• Schedvins K.
      • Ljunggren H.G.
      • Kiessling R.
      • Malmberg K.J.
      ,
      • Cella M.
      • Presti R.
      • Vermi W.
      • Lavender K.
      • Turnbull E.
      • Ochsenbauer-Jambor C.
      • Kappes J.C.
      • Ferrari G.
      • Kessels L.
      • Williams I.
      • McMichael A.J.
      • Haynes B.F.
      • Borrow P.
      • Colonna M.
      ). However, in these particular settings, regulation can be achieved in vitro, indicating that different minimal requirements exist for adjustment of CD226 levels on afflicted cells.
      The physiological role or consequences of increased CD226 levels on CD155-deficient T cells remain unknown. So far, there is no evidence that changed levels of CD226 expressed by naïve T cells can influence their proliferative capacity or differentiation pathways (
      • Seth S.
      • Ravens I.
      • Kremmer E.
      • Maier M.K.
      • Hadis U.
      • Hardtke S.
      • Förster R.
      • Bernhardt G.
      and this report). However, it should be noted that most of the observations using CD155−/− cells refer to the role of DCs in priming T cells and mainly addressed CD4+ T cells. Gilfillan et al. reported that transgenic CD8+ T cells (OT-I) lacking CD226 are stimulated like WT cells when DCs were used to activate them (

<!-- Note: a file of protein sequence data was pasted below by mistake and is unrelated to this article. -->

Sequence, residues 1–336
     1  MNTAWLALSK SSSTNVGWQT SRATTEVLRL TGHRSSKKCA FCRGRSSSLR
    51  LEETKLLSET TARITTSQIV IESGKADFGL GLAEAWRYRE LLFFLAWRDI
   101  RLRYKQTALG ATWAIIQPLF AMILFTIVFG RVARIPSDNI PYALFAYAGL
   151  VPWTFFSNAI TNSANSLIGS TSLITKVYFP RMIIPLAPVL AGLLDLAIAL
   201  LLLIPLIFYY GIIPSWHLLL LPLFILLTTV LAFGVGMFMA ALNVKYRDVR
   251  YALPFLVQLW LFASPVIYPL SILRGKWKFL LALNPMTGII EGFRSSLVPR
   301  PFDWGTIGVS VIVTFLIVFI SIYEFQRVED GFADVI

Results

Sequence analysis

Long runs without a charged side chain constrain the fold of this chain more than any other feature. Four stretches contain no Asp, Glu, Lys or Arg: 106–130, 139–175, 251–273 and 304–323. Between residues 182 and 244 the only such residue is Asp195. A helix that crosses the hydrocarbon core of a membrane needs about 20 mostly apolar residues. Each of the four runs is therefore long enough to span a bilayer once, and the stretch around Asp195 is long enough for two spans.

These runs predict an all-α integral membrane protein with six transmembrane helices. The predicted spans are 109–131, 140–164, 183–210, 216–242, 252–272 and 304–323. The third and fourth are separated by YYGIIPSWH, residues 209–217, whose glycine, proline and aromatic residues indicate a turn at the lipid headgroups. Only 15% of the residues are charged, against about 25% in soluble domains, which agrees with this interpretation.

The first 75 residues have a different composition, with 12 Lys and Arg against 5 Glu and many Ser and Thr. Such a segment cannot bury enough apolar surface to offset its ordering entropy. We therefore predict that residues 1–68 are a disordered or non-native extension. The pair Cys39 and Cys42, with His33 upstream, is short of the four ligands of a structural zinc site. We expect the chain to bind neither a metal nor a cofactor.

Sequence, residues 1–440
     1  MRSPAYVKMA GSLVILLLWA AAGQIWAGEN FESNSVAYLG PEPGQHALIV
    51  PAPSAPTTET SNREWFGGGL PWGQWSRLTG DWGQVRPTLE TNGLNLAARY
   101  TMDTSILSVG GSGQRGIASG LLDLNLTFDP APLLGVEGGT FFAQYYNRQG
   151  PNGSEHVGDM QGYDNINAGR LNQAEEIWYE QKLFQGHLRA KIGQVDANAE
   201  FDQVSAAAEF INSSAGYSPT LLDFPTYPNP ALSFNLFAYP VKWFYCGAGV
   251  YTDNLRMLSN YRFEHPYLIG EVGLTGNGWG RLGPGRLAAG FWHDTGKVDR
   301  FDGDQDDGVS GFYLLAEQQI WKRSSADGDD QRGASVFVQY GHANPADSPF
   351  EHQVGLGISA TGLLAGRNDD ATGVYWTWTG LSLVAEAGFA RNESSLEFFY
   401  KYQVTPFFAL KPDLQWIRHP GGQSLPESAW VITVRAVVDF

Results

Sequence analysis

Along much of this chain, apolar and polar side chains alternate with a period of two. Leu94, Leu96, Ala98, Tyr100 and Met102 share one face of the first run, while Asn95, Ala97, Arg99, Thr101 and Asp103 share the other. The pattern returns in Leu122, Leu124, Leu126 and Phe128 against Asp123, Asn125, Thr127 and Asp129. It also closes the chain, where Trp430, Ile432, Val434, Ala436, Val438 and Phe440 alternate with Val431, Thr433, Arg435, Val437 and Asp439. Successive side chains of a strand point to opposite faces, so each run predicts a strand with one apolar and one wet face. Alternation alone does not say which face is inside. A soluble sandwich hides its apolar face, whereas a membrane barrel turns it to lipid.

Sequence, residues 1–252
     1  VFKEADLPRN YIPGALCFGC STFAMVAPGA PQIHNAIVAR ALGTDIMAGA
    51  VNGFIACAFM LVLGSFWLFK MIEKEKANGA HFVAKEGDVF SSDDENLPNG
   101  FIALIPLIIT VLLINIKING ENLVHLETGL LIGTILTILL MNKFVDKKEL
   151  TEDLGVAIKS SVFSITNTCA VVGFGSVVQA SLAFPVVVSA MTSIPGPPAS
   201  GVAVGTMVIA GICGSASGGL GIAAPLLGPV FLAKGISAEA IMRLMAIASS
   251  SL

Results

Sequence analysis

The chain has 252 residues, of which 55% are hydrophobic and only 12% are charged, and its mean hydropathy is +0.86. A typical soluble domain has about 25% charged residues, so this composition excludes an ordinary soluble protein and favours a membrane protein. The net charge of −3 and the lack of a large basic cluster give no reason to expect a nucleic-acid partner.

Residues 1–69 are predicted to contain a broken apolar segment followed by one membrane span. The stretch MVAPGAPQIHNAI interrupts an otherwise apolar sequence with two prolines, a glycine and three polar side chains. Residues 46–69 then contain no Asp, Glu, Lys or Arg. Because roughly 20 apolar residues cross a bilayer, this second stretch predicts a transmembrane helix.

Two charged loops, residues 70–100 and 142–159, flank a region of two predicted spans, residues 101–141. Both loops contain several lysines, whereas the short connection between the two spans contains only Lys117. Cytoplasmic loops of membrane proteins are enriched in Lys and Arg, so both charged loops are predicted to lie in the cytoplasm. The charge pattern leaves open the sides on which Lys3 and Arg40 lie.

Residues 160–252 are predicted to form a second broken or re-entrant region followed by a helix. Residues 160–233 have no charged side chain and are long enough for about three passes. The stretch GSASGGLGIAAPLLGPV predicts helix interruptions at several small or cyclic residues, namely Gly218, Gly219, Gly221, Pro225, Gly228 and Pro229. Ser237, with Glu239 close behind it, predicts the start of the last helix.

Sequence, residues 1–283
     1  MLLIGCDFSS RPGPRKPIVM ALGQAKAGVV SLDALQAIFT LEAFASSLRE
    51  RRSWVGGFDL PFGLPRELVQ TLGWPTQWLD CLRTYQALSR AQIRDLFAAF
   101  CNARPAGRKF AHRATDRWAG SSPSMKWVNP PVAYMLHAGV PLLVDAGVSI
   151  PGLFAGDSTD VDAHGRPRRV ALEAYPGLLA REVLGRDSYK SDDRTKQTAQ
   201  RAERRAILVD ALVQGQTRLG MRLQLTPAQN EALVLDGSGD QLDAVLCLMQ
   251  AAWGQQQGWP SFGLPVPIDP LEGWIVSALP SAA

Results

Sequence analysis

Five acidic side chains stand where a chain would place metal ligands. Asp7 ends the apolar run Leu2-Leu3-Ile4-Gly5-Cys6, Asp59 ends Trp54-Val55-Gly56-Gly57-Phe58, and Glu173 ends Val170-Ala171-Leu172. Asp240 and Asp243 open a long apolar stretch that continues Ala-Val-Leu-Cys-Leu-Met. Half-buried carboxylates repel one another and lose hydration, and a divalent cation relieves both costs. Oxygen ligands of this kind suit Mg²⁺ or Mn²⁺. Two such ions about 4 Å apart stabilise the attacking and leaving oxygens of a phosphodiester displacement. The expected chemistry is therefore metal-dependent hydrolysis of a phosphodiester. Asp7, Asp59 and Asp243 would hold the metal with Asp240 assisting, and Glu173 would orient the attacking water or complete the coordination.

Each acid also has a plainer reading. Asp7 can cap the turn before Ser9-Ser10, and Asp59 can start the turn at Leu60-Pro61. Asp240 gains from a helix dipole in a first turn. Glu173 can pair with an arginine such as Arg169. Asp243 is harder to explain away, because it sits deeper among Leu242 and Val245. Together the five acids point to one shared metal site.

• Gilfillan S.
      • Chan C.J.
      • Cella M.
      • Haynes N.M.
      • Rapaport A.S.
      • Boles K.S.
      • Andrews D.M.
      • Smyth M.J.
      • Colonna M.
      ). Intriguingly, when a nonprofessional antigen-presenting cell was used for this purpose, CD226-deficient OT-I cells were much less efficiently stimulated compared with WT. Therefore, CD226 is probably dispensable or at least functionally redundant in settings when DCs prime T cells. Considering this, it is possible that ongoing contacts between DCs and T cells permanently adjust CD226 levels on T cells to fine tune the sensitivity toward antigens presented by antigen-presenting cells other than DCs. Consequently, an immunological effect of elevated CD226 levels on T cells may become apparent only in pathways bypassing DCs as initiators of T cell responses.
      The results obtained from the analyses of bone marrow chimeric animals revealed that only cells of hematopoietic origin are capable of manipulating CD226 expression in trans on peripheral T cells or SP thymocytes. This was an unexpected finding because T cells inside the T area of SLOs make recurrent contacts with stromal cells (
      • Bajénoff M.
      • Egen J.G.
      • Koo L.Y.
      • Laugier J.P.
      • Brau F.
      • Glaichenhaus N.
      • Germain R.N.
      ). The latter are important because their dendritic network represents a guiding path for T cells quickly moving inside SLOs (